1. The Concertina Brow acknowledges his mission as a subset of the general war on Neon Arrows.
2. The Concertina Brow reserves the right to enjoy any artistic product, activity, food, beverage, or cultural artefact of any kind, with no regard for the degree to which his tastes may or may not align with highbrows, middlebrows, lowbrows, or any other brow style of which we may not be aware. The fact that a cultural artefact was favoured by Dead, White, European Males is of no significance, either positive or negative. The opinion of his contemporaries is likewise completely irrelevant to the Concertina Brow, with the exception of individuals whose critical acumen he respects. "Popular" and "unpopular" are terms neither of approbation nor contempt.
3. The Concertina Brow affirms that the relationship of differing artistic traditions (whether divided along highbrow/lowbrow lines or along cultural lines) is one of partial incommensurability. It is logically impossible to state categorically that Italian cuisine, mystery novels, and "pop" music are "better" or "worse" than Thai cuisine, philosophical treatises, and "classical" music, since these terms represent nothing more than conflicting standards of culinary, literary and musical success. It is nevertheless possible, however, to make judgments of quality between particular works, either of a similar genre (a Dan Brown novel versus a Dorothy Sayers novel) or of an entirely different genre (a poorly prepared Italian meal versus an exquisite Japanese meal).
4. The Concertina Brow believes that all forms of cultural expression are of interest and merit based on their unique characteristics, which cannot be encapsulated in any other form of experience. He objects strenously to statements that "Form X is just as good as Form Y," which he recognizes as the veiled insult that it is.
5. The Concertina Brow denies that there is any particular merit to highbrow tastes against lowbrow tastes; indeed, a convicted lowbrow may be more discriminating and tasteful than a highbrow within his own domain.
6. The Concertina Brow believes good taste to be of greater moral significance than is currently believed. His goal is to develop this quality in himself and to encourage its development in others, within the sphere of artistic endeavour that interests them.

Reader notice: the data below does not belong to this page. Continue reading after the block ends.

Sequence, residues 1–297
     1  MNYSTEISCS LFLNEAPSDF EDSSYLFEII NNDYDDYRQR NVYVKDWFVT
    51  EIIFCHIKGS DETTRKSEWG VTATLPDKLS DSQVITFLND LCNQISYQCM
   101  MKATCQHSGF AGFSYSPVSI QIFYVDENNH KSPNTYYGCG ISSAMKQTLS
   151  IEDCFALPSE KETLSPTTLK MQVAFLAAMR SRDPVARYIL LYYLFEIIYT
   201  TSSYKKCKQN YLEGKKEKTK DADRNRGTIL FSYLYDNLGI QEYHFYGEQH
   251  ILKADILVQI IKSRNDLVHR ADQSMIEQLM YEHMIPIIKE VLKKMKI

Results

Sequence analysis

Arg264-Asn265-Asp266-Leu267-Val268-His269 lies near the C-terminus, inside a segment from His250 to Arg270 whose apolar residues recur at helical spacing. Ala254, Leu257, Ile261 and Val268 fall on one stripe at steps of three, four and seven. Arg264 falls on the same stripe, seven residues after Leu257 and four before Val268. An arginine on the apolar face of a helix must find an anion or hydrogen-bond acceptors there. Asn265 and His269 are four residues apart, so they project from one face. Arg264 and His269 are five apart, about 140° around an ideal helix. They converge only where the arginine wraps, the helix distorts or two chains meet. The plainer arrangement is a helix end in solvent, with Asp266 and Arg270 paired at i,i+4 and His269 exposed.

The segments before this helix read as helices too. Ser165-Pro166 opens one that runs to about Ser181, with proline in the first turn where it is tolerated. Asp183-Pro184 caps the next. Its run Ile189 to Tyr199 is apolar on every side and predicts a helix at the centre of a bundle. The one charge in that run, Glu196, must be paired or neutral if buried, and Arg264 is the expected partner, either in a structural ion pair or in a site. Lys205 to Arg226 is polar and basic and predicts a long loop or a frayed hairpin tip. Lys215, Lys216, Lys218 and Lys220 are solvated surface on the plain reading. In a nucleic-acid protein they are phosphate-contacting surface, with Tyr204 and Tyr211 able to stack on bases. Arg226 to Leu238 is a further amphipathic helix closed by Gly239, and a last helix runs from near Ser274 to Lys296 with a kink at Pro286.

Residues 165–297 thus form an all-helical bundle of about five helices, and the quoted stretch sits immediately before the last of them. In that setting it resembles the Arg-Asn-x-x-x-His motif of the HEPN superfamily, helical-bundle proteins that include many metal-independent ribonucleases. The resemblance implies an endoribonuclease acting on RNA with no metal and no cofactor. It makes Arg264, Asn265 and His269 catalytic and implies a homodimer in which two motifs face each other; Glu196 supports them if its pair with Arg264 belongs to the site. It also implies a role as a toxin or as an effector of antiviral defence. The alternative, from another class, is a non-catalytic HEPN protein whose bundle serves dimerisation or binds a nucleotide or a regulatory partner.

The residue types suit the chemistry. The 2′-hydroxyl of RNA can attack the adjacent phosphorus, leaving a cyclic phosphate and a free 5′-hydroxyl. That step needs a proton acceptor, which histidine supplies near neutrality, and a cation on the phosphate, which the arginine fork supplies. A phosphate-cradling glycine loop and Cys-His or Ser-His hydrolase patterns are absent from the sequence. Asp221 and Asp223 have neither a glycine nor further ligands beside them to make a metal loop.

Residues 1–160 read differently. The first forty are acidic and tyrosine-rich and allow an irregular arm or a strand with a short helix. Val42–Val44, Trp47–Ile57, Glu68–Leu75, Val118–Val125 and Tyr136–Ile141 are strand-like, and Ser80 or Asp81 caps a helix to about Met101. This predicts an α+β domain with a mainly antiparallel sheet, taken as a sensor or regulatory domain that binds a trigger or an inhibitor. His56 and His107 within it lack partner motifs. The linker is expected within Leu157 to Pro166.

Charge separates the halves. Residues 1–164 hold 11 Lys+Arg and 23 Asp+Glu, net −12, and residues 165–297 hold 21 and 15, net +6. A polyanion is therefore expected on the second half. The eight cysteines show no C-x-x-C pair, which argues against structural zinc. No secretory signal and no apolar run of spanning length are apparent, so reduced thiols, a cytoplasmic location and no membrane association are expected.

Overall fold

7. The Concertina Brow believes that the attempts of institutions to "convert" anyone to a different form of aesthetic expression, whether "higher" or "lower," is presumptuous and insulting. It is the business of arts organizations to present the broadest possible spectrum of expression within their genre at its highest level of quality, not to attempt to alter individual taste preferences. If a person wants to explore a new art form, he should consult knowledgeable friends for guidance and direction. Under no account should a highbrow be pestered for not drinking Bud Light, or a lowbrow pestered for not listening to Xenakis.
8. The Concertina Brow's natural ally is the Highbrow, who shares his concern to articulate the positive qualities of high culture against its cultural attackers. His natural enemy is the Middlebrow, who seeks to subsume both Highbrows (by shaming them) and Lowbrows (by "converting" them) into an "inclusive" culture, neither fish nor fowl. The Concertina Brow likes Lowbrows too, but he doesn't talk to them about aesthetics.
9. The Concertina Brow objects to all self-conscious "crossover" art as exemplifying a baleful Middlebrow influence. He is reconciled to such efforts only if they acquire a definitive expressive form of their own, which he will then judge on its own merits.
10. The Concertina Brow philosophically accepts today's artistic pluralism as a necessary consequence of the centuries-old broader social trend toward individualism and subjectivity. Any attempt to gather our fragmentary cultural forms into a single monoculture therefore has the character of a utopian fantasy, and is thus extremely dangerous.
11. The Concertina Brow nevertheless affirms the special status of the European "High" tradition in the arts and humanities as one which should be given pride of place in the education system, for three reasons. First, it represents the most significant example of an unbroken literate tradition in human history, and thus has qualities which do not exist in oral or vernacular traditions. Second, it represents the basis of today's cultural and political milieu, for better or for worse, having been either inherited or voluntarily adopted to a significant extent by all of the world's societies. Third, its current underrepresentation in the mass media means that only in the schools will young men and women be exposed to it, even if their ultimate choice will be to reject it.
12. The Concertina Brow objects strongly to manifestos as being prescriptive and tacky.
(with apologies to the author of Radical Orthodoxy: 24 Theses)